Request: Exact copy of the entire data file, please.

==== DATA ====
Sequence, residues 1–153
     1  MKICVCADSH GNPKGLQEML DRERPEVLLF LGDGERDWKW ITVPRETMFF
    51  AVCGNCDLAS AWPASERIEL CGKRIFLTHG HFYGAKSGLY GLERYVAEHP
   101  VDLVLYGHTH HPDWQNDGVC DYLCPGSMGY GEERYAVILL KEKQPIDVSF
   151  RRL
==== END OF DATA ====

Sequence, residues 1–153
     1  MKICVCADSH GNPKGLQEML DRERPEVLLF LGDGERDWKW ITVPRETMFF
    51  AVCGNCDLAS AWPASERIEL CGKRIFLTHG HFYGAKSGLY GLERYVAEHP
   101  VDLVLYGHTH HPDWQNDGVC DYLCPGSMGY GEERYAVILL KEKQPIDVSF
   151  RRL